The first document is a list of Do's and Dont's that cover the most popular types of modification carried out in Hong Kong. It can be found here, and should be read by anyone who is considering modifying their car, as there are a number of intriguing rules and recommendations that you may not be aware of e.g., it is recommended, and in some cases required, that you receive the manufacturer's consent to modify the vehicle.
The second document is a guide on notifiable alterations. Essentially, if you make certain modifications to a vehicle, you are required to notify the Transport Department before making them. It is important that if you are considering say, changing the suspension on your car, that you read this guide first as there are laws around what can be done. Click here to read it.
How will the police or insurance companies know I modified my vehicle
In reality, the police and insurance companies won't know the second you modify your car. Some drivers in Hong Kong who have modified their car may have added illegal parts, or modified their cars without consulting the manufacturer. Sit near any busy road in Hong Kong long enough and you will hear, or even see cars go by that are obviously modified and with parts that are likely not fully legal.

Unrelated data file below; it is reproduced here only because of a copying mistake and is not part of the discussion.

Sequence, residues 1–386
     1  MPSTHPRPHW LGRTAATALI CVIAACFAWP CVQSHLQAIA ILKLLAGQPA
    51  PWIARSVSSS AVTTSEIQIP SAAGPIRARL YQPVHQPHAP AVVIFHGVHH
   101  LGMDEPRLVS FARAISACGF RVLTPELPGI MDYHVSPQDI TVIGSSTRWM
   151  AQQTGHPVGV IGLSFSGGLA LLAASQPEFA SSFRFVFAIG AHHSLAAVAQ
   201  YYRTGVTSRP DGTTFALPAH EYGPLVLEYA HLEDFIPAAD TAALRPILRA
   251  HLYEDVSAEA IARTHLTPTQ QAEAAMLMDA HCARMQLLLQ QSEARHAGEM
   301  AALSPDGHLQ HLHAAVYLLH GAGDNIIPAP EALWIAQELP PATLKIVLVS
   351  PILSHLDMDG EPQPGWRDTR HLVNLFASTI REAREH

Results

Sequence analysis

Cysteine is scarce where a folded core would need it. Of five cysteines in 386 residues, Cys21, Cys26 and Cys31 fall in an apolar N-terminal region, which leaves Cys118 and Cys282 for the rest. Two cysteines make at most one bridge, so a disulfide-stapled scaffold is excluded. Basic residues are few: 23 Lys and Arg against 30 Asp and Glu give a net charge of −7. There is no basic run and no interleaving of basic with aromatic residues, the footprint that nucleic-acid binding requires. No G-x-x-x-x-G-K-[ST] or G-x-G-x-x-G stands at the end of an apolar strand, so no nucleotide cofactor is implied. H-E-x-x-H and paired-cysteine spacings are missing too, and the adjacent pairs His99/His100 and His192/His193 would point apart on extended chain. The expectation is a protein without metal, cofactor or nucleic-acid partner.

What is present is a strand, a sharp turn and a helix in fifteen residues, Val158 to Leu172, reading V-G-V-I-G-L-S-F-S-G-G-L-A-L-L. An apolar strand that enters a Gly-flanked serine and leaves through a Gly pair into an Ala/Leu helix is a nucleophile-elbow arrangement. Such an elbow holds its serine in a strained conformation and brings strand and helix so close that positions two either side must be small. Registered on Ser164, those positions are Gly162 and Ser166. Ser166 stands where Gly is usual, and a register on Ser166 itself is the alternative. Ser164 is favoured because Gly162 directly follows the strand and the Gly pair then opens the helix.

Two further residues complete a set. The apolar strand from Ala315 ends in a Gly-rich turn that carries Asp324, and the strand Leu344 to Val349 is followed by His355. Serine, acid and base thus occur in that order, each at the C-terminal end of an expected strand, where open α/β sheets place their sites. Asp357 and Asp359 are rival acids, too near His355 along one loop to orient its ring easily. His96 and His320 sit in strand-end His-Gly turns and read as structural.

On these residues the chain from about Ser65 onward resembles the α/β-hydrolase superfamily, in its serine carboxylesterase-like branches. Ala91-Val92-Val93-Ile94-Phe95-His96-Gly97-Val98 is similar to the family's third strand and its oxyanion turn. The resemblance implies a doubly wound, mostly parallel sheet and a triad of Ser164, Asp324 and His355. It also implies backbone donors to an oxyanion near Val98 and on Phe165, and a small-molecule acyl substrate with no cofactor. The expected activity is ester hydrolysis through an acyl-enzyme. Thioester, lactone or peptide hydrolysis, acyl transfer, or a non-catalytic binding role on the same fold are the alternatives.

A quick Google search for 'engine tuning' in Hong Kong presents plenty of results, even though according to the Transport Department, engines "may be changed for the same make, model, and size, other changes are not normally permitted, unless strong supporting evidence is presented."
While it is easy to modify cars in the city, it is a risk to do so. The main reason why is that the police can ask you, at any time, to submit your car for testing at one of the Transport Department's testing centers if they suspect your car has been modified with either illegal parts, or in a way that breaks any of the traffic ordinances.
We have had cases recently where drivers had modified their cars with aftermarket parts and were stopped at a police checkpoint. The officer suspected the car had been modified and ordered the driver to submit the vehicle for testing. It was found to have aftermarket parts that were not legal and the driver was fined nearly HKD 15,000.